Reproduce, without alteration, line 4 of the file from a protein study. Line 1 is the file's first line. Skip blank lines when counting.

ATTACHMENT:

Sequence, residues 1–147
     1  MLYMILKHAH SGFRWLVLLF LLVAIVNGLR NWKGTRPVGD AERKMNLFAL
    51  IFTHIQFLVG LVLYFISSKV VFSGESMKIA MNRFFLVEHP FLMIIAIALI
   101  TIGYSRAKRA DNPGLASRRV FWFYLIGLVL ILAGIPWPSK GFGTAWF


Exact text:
   101  TIGYSRAKRA DNPGLASRRV FWFYLIGLVL ILAGIPWPSK GFGTAWF